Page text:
Morron will discuss researching historic homes

Kelly Morron shows shelves containing 19th Century land records in Wilton Town Hall. — Tony Spinelli photo
Kelly Morron shows shelves containing 19th Century land records in Wilton Town Hall. — Tony Spinelli photo

Wilton resident Kelly Morron will talk about how to research a historic structure through land records, deeds, maps, photographs and other reference materials during her If Your House Could Speak: How to Research Your Historic Home talk at Wilton Historical Society on Thursday, Oct. 11.

“The objective of the one-hour talk, beginning at 12:30, Morron said, is to “ introduce homeowners in Wilton to the ways to research their homes and property.”

“I hope that everyone interested in researching historic houses and property in Wilton will come to learn something,” she said.

If Your House Could Speak will consist of “two parts,” said Morron.

“I will present the first part, which will describe how to perform research using Wilton’s primary research resources, largely focusing on following deeds back in time in Wilton records,” she said.

“Leading into that discussion, I explain important features of property deeds as they have appeared in Wilton properties.”

During the second part of the talk, Morron said, Wilton Historical Society’s collections coordinator and Wilton Library History Room archivist, Nick Foster, will “describe and highlight the extensive secondary resources of the Wilton Historical Society, housed at the Wilton Library and elsewhere, which provide ‘color’ and context to basic historic research.”

Morron said she moved to Wilton in the early-2000s because of the “historic charm” of the town’s Bald Hill neighborhood and bought an early-19th Century farmhouse at 846 Ridgefield Road, known as the Lindberg-Smith House or Isaiah Morgan House, according to Wilton’s Historic Resources Inventory.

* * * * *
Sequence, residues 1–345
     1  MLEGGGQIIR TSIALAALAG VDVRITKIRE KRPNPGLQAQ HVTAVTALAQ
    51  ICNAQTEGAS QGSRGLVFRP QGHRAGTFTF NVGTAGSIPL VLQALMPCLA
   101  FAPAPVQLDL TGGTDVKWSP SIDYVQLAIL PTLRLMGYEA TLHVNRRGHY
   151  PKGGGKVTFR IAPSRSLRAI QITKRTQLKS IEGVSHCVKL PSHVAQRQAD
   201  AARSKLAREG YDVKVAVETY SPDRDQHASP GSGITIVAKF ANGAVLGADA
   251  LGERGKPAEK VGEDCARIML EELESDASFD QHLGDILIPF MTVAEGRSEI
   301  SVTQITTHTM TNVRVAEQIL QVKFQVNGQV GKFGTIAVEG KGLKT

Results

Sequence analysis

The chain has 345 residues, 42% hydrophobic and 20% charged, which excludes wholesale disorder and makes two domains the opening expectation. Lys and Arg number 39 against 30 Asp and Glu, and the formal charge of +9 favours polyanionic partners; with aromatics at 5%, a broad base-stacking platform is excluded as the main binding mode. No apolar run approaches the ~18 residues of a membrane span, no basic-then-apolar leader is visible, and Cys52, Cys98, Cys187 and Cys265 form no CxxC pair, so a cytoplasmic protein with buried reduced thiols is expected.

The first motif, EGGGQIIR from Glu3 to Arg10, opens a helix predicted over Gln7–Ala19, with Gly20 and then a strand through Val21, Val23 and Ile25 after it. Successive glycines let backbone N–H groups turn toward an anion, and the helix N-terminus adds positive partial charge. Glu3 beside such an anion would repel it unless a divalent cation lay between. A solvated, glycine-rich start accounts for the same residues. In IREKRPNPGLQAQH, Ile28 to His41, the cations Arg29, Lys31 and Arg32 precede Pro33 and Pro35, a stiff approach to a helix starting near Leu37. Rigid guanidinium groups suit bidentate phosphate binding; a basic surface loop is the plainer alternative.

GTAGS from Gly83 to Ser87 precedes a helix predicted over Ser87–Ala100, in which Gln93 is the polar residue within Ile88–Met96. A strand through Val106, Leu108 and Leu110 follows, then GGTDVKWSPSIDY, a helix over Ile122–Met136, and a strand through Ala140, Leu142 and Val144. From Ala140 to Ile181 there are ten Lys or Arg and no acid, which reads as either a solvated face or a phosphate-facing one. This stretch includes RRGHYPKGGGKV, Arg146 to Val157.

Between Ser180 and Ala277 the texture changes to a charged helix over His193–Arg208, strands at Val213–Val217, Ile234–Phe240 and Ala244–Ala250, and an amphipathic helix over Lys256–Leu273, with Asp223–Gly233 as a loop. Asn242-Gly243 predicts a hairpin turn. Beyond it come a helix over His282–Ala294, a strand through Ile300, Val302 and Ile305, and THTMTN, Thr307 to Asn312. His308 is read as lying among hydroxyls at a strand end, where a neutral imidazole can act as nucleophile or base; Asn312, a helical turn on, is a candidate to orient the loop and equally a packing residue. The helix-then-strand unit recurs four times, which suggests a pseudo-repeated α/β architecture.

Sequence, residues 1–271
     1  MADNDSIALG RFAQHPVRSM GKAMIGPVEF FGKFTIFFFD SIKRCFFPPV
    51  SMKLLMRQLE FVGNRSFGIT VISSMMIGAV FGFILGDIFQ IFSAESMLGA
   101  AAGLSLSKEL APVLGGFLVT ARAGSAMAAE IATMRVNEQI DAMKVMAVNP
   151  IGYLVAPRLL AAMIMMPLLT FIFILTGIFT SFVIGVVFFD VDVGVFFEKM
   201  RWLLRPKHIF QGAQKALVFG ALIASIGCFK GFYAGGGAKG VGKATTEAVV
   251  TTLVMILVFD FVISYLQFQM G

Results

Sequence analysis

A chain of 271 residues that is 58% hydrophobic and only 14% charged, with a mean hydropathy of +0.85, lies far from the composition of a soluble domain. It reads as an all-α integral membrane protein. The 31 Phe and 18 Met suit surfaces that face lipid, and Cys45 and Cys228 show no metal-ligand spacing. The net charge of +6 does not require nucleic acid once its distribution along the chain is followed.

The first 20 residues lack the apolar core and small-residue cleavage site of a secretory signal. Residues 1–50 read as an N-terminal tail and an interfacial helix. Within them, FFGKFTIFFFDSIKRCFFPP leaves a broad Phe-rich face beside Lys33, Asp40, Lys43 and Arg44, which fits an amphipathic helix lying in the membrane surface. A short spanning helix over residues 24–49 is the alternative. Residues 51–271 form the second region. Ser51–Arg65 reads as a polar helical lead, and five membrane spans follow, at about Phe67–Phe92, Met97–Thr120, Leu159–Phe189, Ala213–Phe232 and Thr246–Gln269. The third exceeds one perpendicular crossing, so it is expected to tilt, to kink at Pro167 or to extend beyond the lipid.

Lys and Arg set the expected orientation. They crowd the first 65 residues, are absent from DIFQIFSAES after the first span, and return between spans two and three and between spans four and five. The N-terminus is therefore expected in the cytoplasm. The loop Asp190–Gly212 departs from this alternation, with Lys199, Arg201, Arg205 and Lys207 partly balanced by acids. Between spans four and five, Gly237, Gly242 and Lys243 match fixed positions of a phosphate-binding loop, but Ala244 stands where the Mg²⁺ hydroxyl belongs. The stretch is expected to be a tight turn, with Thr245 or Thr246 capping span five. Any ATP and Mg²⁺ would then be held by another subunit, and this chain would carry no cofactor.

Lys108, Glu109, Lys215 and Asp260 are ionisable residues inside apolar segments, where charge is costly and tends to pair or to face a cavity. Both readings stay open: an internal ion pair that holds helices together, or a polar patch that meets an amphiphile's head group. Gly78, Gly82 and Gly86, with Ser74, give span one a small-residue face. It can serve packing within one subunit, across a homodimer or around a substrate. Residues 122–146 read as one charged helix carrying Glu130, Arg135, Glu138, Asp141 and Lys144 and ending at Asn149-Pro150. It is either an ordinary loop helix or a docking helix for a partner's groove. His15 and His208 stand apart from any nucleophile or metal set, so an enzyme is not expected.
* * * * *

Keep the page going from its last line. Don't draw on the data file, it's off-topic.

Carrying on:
View of present-day 846 Ridgefield Road, owned by Kelly Morron, from the intersection of Ridgefield and Ruscoe roads. — Kendra Baker photo
846 Ridgefield Road in the 1880s.

“The sellers had left some photographs and descriptive documents, which were interesting,” said Morron.

“When I did some renovations, the contractor found an antique wooden scribe in the walls, and within a few years, I started finding some amazing things on the land — antique glass jars, pharmaceutical vials, and pieces of old stoneware, metal, and china — and my curiosity was piqued to find out more about the house and the way that my property had developed since Wilton was incorporated.”

Morron said she got in touch with town historian Carol Russell, an archivist in the Wilton Library History Room at the time, and she “opened [her] eyes to the wealth of history and historical information in Wilton.”

Not only did Morron develop a “passion for learning” about her home and neighborhood, she said, but she also “quickly learned that performing research can be hard and frustrating.”

During her talk, Morron said she will share some tips and tricks she’s learned from researching her own historic home, such as how to use “a combination of resources”  in order to “avoid or reduce the number of blind alleys researching the past.”

“For instance,” she said, “I will describe how the town online resources, historic maps, and Google Maps complement one another to provide so much more information than any of the resources alone.”

From her talk, Morron said, she hopes people “leave with a good fundamental understanding of how to perform property research in Wilton,” and as well as “a better understanding of the importance of the parts of their deeds, and the deeds of the property owners before them.”

If Your House Could Speak is free for Wilton Historical Society members free and $10 for non-members. A light lunch is included. To register, email [email protected] or call 203-762-7257.

Information: http://bit.ly/2OM3ibC

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